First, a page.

Pope: The Lord is calling me to “climb the mountain”

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This is Pope Benedict’s final Angelus address as the Supreme Pontiff of the one, holy, catholic and apostolic Church. Notice the imagery he uses: the climbing the mountain and “once you’ve met Christ, why come down to pain?” The Pope has a new vocation: to live in adoration of Christ.


On the second Sunday of Lent, the liturgy always presents us with the Gospel of the Transfiguration of the Lord. The evangelist Luke places particular emphasis on the fact that Jesus was transfigured as he prayed: his is a profound experience of relationship with the Father during a sort of spiritual retreat that Jesus lives on a high mountain in the company of Peter, James and John , the three disciples always present in moments of divine manifestation of the Master (Luke 5:10, 8.51, 9.28).


The Lord, who shortly before had foretold his death and resurrection (9:22), offers his disciples a foretaste of his glory. And even in the Transfiguration, as in baptism, we hear the voice of the Heavenly Father, “This is my Son, the Chosen One listen to him” (9:35). The presence of Moses and Elijah, representing the Law and the Prophets of the Old Covenant, it is highly significant: the whole history of the Alliance is focused on Him, the Christ, who accomplishes a new “exodus” (9:31) , not to the promised land as in the time of Moses, but to Heaven. Peter’s words: “Master, it is good that we are here” (9.33) represents the impossible attempt to stop this mystical experience. St. Augustine says: “[Peter] … on the mountain … had Christ as the food of the soul. Why should he come down to return to the labors and pains, while up there he was full of feelings of holy love for God that inspired in him a holy conduct? “(Sermon 78.3).


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Chair of Saint Peter

With the Church we pray


Grant, we pray, almighty God, that no tempests may disturb us, for you have set us fast on the rock of the Apostle Peter’s confession of faith.

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Has anyone promised you anything? As Catholics, we can say with certainty that we have been promised something. In fact, we are promised not only something, but Someone. We can identify that we have been promised the truth, happiness (in this life) and eternal life (happiness in the next life); we’ve also been promised a rich relationship with God, with Jesus, and the Holy Spirit. Today’s feast of the Chair of Saint Peter is the Church’s way of reminding God and each other that we have been promised all these things: truth, happiness, and life eternal with God.

For a very, very long time, actually since the 4th century, the Church of Rome has had a special commemoration of the pastoral, spiritual authority of Saint Peter as the rock upon which the Lord built His Church. Historians estimate that Saint Peter was executed between the years 64 and 68. In fact, the Church in Antioch, founded by Saint Peter, has also had this feast on their liturgical calendar. The witnesses found in the Apostolic Fathers, the Roman See has always held a special place in the obedience of orthodox Christian believers because of the bishop of Rome “presides in love” and in service over all the Churches of God.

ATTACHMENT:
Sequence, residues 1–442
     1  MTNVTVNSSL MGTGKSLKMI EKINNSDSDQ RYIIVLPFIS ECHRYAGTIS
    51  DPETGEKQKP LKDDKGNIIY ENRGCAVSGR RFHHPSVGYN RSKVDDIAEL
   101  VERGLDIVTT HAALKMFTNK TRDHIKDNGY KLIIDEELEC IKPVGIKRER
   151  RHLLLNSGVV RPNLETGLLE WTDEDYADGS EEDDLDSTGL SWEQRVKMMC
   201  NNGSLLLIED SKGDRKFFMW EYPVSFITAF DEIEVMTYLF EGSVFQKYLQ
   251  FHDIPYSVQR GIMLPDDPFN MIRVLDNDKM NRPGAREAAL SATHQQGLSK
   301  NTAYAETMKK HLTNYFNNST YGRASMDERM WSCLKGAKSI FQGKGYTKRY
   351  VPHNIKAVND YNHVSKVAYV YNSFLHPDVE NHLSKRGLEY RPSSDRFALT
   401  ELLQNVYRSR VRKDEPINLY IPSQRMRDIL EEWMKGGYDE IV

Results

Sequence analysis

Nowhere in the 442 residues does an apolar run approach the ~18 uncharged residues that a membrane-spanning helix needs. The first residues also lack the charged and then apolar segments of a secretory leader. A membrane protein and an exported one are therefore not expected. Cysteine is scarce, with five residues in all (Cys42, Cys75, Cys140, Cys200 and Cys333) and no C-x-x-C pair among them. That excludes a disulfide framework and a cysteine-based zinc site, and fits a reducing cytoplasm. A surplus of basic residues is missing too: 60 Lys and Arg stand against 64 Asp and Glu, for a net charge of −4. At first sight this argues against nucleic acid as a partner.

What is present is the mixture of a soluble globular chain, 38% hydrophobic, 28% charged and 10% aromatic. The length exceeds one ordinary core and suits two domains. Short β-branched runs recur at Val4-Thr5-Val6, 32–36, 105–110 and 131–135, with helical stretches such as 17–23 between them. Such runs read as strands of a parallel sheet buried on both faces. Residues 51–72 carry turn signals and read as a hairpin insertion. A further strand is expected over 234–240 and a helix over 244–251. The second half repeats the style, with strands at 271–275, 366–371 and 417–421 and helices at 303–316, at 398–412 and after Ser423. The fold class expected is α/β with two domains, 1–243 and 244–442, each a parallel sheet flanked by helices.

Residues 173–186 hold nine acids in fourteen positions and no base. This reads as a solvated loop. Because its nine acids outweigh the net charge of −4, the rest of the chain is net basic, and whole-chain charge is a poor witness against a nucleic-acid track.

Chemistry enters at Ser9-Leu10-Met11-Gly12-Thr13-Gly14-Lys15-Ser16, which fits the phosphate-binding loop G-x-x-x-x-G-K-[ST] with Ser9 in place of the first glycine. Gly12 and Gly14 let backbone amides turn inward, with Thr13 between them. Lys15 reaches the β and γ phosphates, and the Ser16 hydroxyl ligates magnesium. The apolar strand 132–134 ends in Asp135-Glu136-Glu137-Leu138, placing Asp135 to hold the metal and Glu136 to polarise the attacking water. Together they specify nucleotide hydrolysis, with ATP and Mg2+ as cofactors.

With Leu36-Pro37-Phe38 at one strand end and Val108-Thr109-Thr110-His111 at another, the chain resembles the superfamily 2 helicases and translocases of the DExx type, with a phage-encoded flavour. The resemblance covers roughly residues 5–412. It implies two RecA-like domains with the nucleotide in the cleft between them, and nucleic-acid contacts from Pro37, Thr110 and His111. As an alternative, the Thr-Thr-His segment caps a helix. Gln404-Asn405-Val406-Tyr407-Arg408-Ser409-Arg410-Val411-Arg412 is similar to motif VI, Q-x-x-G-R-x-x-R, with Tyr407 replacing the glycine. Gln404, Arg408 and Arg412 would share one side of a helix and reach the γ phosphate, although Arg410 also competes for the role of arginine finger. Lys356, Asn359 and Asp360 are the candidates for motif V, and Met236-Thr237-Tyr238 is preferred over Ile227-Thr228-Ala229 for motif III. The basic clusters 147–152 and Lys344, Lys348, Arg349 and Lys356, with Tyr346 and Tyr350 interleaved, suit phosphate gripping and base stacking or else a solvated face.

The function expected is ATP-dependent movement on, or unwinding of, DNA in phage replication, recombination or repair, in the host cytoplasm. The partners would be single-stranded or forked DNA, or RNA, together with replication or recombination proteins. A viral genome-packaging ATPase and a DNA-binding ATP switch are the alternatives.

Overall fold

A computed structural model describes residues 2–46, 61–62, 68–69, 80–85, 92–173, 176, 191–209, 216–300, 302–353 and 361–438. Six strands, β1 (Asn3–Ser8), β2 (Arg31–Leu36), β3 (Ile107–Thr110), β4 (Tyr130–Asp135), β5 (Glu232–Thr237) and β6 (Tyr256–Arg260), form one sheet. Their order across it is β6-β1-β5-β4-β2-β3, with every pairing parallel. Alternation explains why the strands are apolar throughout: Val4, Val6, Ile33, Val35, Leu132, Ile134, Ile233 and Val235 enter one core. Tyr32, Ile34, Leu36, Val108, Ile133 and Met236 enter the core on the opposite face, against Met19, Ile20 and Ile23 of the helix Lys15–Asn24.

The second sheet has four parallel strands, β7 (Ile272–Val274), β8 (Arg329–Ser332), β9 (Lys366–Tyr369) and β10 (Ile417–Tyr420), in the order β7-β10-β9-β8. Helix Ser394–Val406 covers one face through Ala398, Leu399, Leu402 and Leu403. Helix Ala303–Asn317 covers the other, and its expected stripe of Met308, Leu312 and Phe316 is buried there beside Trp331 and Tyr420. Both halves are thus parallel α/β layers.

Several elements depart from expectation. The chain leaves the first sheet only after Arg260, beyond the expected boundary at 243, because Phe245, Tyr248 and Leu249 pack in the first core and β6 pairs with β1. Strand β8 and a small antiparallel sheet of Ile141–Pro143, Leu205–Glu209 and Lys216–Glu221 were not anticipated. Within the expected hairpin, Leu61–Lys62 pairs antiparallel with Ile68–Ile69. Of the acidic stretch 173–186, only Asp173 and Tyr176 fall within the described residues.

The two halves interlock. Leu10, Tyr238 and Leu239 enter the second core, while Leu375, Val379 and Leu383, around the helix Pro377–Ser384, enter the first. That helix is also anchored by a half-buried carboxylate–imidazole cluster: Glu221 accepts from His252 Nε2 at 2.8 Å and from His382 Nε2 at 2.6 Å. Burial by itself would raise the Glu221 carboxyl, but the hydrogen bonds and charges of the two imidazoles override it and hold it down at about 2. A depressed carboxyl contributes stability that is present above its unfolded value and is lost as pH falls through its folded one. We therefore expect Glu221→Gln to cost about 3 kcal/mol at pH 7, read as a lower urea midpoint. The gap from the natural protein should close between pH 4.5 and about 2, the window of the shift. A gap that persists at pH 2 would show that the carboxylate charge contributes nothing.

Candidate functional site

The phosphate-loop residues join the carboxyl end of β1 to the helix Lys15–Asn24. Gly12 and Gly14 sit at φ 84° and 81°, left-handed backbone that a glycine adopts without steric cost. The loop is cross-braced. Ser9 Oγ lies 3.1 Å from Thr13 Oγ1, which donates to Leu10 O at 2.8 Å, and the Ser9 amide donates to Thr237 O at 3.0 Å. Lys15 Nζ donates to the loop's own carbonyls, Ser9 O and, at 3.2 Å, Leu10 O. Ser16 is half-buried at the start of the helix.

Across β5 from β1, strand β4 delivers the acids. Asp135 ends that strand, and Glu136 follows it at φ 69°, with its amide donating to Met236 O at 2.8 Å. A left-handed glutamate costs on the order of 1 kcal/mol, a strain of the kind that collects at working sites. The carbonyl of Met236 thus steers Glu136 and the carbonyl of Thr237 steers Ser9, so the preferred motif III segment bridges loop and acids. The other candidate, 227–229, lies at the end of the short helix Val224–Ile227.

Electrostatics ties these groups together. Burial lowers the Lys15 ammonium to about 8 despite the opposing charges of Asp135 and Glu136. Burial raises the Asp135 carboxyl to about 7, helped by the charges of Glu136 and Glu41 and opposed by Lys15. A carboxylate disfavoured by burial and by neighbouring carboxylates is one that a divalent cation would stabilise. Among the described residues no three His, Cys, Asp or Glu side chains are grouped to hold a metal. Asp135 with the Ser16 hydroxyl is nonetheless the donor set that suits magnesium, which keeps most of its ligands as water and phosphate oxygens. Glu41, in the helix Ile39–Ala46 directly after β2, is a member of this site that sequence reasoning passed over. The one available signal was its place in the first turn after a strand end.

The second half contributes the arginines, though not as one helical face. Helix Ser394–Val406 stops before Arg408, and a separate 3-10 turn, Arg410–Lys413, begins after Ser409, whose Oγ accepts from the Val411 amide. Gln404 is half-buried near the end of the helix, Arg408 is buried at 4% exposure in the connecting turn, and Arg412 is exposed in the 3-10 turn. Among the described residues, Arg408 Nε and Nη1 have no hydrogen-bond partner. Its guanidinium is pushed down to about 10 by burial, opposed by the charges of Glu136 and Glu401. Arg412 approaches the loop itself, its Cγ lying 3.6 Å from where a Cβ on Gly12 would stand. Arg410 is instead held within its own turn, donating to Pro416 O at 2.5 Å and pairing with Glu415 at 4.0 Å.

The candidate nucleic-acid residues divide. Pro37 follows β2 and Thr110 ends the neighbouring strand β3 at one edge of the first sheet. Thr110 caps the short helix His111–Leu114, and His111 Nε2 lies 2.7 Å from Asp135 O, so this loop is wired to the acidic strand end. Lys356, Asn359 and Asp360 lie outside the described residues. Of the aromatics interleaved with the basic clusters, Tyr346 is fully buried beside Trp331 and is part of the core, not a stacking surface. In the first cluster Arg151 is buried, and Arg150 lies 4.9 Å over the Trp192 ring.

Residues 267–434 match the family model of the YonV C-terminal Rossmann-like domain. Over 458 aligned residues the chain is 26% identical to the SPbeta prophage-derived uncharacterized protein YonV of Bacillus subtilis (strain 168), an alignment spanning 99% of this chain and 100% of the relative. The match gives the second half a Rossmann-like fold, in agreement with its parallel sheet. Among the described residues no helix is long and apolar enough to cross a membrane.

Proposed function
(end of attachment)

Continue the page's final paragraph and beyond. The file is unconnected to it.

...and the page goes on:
Today’s feast ought to remind each one of us that we don’t celebrate furniture but it calls us to see in Peter Jesus. Each feast of a saint, including the Blessed Mother, always points to Jesus. To do otherwise would be idolatry. The Chair of Saint Peter is fundamentally about work, the mission of bishop as overseer, teacher and pastor conferred by Jesus on Peter, and continued through the ages to Pope Benedict XVI (and soon on his successor). See the Gospel of Matthew 16:13-20. What we celebrate today is the communion of faith, the truth of the faith given to us by the Lord through the apostles to the bishop of Rome and to all bishops. You may even say the feast we celebrate today is the ministry of the Church’s Magisterium located in the Roman Pontiff in that he cannot teach error. That does not mean the pope is a saint; that the pope does not sin; on contrary, we believe the pope is a sinner and in need of redemption like each one of us: he has clay feet like you and me. But having clay feet doesn’t mean that teach that we believe in “Christ, the Son of the Living God.” His job is to help us see the face of Christ in this world, and to lead us to Him so that may enjoy eternity with Him.

In 2006, Benedict XVI gave the following address on this feast which is required reading,

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About the author

Paul A. Zalonski is from New Haven, CT. He is a member of the Fraternity of Communion and Liberation, a Catholic ecclesial movement, and an Oblate of Saint Benedict. Contact Paul at paulzalonski[at]yahoo.com.